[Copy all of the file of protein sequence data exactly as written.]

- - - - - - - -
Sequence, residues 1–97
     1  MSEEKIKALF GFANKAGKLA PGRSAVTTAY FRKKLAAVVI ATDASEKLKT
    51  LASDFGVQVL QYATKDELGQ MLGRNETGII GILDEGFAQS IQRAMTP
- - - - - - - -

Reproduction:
Sequence, residues 1–97
     1  MSEEKIKALF GFANKAGKLA PGRSAVTTAY FRKKLAAVVI ATDASEKLKT
    51  LASDFGVQVL QYATKDELGQ MLGRNETGII GILDEGFAQS IQRAMTP